No Avoiding Mitral Valve Implant Obstruction With Preemptive Ablation

— LVOT obstruction remains thorn in the side of TMVI in small case series

A photo of a surgeon performing radiofrequency ablation

Radiofrequency ablation came up short for preventing left ventricular outflow tract (LVOT) obstruction, a feared complication of transcatheter mitral valve implantation (TMVI), researchers reported.

In five TMVI candidates considered at risk of LVOT obstruction, a SCORPION ablation planned months in advance was technically successful, but associated with complete heart block and implantation of a permanent pacemaker in all five cases, reported Vasilis Babaliaros, MD, of Emory Structural Heart & Valve Center in Atlanta, and colleagues.

One person underwent urgent TMVI within 24 hours of SCORPION because of decompensated heart failure. Despite the ablation and subsequent anterior mitral leaflet modification, TMVI still increased the LVOT gradient and the patient died days later from shock and multi-organ failure, they noted in a research letter in Circulation: Cardiovascular Interventions.

Of the four remaining patients, three had successful TMVI with intentional laceration of the anterior mitral leaflet (another technique to prevent LVOT obstruction) at 51 to 334 days post-SCORPION -- one still showing an increase in LVOT gradient despite the operators' efforts. One person was lost to follow-up.

LVOT obstruction is a stubborn, life-threatening complication of TMVI, a percutaneous technique that goes beyond the mere clipping of transcatheter edge-to-edge repair to treat severe mitral valve regurgitation or stenosis in people ill-suited for surgery. The complication occurs when the valve implant intrudes on the LVOT or pushes the anterior mitral leaflet into the outflow. LVOT obstruction is especially common in valve-in-mitral annular calcification implants and is associated with high mortality.

Babaliaros and colleagues had hoped that SCORPION -- the technique of septal bipolar ablation of a noncoronary segment of ventricular myocardium to prevent outflow obstruction -- could selectively ablate the region of the interventricular septum enough to increase the predicted neo-LVOT area and avoid intentional leaflet laceration.

The technique is a standalone radiofrequency ablation procedure with the active ablation electrode inserted into the LVOT and a return electrode placed against the opposing right ventricular septum, a configuration that ensures "high current density on the septum," according to the investigators.

Yet based on the available CT scans in this report, SCORPION increased predicted neo-LVOT from a median 0 mm2 to 30 mm2 and the skirt neo-LVOT from a median 188 mm2 to 224 mm2 -- not enough to do the trick, Babaliaros and colleagues suggested. "SCORPION failed to change predicted neo-LVOT area enough to avoid adjunctive intentional laceration of the anterior mitral leaflet to prevent left ventricular outflow tract obstruction at the time of TMVI," they wrote.

Then there was the problem of the 100% permanent pacemaker implant rate.

"Pacemaker implantation following radiofrequency ablation is likely related to the required transmural ablation of the high basal interventricular septum near the conduction system and apparently remains an inevitable consequence. It is unlikely that technical refinement in mapping or ablation would reduce this risk or significantly increase debulking. There is need for other approaches that might overcome these limitations," the authors wrote.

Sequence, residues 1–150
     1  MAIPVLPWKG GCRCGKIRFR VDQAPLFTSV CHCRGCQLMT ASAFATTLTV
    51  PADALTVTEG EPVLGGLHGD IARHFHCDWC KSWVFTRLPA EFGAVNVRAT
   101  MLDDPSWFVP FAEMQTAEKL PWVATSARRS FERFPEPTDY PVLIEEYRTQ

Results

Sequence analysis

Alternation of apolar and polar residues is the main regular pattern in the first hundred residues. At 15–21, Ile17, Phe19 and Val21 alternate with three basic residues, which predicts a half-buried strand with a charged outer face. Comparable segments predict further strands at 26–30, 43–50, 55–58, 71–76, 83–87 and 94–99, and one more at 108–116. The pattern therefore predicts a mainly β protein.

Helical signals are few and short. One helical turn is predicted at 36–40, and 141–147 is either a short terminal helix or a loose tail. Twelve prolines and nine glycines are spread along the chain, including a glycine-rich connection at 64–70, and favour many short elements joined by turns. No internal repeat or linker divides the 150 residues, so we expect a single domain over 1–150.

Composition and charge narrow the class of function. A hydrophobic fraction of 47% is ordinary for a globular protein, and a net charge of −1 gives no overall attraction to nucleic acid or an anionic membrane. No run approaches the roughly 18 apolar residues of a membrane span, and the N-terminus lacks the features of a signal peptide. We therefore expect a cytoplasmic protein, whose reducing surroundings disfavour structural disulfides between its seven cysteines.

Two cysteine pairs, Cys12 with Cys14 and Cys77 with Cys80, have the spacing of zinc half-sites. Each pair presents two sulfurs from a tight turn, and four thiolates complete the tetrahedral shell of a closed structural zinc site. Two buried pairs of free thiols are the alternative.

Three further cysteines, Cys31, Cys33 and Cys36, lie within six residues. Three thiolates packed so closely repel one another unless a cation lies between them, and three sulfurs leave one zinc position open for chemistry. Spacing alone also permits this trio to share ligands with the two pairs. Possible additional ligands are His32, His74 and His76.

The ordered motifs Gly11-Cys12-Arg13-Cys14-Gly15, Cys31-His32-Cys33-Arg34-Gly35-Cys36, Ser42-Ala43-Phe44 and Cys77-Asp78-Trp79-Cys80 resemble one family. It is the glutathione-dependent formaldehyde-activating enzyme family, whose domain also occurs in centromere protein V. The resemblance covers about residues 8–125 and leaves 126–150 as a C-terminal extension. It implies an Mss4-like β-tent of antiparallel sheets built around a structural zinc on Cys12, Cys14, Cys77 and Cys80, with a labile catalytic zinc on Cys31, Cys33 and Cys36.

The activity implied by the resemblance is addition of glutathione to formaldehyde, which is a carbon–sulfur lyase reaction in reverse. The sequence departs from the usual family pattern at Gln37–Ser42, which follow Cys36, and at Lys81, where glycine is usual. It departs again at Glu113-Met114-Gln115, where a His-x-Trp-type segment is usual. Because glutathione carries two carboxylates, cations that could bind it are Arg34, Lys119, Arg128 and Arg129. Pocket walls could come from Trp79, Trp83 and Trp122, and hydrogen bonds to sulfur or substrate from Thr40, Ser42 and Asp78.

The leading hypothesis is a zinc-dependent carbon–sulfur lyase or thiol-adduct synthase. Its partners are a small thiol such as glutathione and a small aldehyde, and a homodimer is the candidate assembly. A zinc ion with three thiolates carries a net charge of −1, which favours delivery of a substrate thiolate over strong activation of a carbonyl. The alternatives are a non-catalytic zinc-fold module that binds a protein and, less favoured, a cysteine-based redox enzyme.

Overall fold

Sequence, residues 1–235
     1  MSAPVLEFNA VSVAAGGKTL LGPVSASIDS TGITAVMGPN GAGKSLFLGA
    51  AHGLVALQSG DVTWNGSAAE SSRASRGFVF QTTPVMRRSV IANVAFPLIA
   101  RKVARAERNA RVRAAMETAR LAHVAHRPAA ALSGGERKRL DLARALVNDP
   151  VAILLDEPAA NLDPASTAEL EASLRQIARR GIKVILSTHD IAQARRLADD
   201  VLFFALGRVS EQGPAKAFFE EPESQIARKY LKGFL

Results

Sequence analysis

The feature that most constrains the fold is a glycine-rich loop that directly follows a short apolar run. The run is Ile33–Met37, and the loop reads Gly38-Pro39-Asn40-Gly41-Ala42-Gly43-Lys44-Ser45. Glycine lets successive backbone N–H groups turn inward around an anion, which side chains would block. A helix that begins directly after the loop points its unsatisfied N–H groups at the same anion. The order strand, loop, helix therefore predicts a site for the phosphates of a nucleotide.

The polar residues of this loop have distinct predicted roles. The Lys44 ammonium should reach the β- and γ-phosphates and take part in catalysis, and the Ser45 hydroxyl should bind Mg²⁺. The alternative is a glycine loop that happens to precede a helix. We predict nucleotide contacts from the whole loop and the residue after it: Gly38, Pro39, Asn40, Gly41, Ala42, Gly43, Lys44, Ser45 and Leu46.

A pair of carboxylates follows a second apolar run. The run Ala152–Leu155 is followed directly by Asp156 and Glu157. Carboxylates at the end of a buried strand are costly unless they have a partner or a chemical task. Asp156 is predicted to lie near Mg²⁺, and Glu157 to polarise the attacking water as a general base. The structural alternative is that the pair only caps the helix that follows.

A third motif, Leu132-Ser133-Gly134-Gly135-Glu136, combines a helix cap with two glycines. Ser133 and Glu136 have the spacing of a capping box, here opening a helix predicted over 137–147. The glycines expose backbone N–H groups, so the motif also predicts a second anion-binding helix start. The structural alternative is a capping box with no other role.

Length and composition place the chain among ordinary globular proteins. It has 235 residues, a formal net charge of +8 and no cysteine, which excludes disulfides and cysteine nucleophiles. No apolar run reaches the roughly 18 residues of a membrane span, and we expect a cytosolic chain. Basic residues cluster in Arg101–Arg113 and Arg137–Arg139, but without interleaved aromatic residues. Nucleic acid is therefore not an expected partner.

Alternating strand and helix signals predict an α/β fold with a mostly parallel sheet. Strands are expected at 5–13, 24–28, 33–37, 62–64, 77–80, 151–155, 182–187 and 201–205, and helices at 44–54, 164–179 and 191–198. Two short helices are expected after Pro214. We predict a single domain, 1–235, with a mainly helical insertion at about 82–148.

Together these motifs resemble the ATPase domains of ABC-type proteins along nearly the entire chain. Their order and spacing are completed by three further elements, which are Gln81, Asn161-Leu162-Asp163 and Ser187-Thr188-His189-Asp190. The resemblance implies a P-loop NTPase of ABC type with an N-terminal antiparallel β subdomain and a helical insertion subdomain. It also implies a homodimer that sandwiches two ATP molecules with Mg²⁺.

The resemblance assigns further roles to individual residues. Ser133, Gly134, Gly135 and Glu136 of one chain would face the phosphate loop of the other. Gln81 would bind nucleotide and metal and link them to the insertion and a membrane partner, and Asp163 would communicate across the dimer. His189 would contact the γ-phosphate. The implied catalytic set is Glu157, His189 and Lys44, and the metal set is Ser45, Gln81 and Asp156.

Their study also has implications for adjunctive intentional laceration of the anterior mitral leaflet, which was performed in three out of four patients as a TMVI adjunct for reducing LVOT obstruction.

In the LAMPOON version of this technique, leaflet laceration is performed using radiofrequency energy splitting the anterior mitral valve leaflet down the midline. LAMPOON continues to be refined as a bailout and a preventive technique after a successful early feasibility study in 2019.

For the present report, Babaliaros and colleagues included five patients deemed at risk for LVOT obstruction based on CT criteria of neo-LVOT <200 mm2 and skirt neo-LVOT <180 mm2. All were women with multiple comorbidities and a median 12.0% Society of Thoracic Surgeons predicted risk of 30-day mortality.

Three out of the five patients already had baseline LVOT gradients. Three patients also had unsuccessful attempts at prophylactic alcohol septal ablation due to unfavorable coronary anatomy.

SCORPION ablation lesion counts ranged from nine to 30 per person, and the average ablation took 22 minutes.

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    Nicole Lou is a reporter for MedPage Today, where she covers cardiology news and other developments in medicine. Follow


The report was supported by Emory Division of Cardiology intramural funds and an NIH grant.

Babaliaros has received institutional research support from Abbott Vascular, Ancora Heart, Edwards Lifesciences, Gore Medical, JenaValve, Medtronic, Polares Medical, Transmural Systems, and 4C Medical; institutional research contracts for clinical investigation of transcatheter aortic, mitral, and tricuspid devices from Edwards Lifesciences, Abbott Vascular, Medtronic, and Boston Scientific; consulting fees from Abbott Vascular, Edwards Lifesciences, and Medtronic; and has equity interest in Transmural Systems.

Primary Source

Circulation: Cardiovascular Interventions

Source Reference: Hoskins MH, et al "Septal bipolar ablation to prevent left ventricular outflow tract obstruction after transcatheter mitral valve implantation" Circ Cardiovasc Interv 2023; DOI: 10.1161/CIRCINTERVENTIONS.123.013333.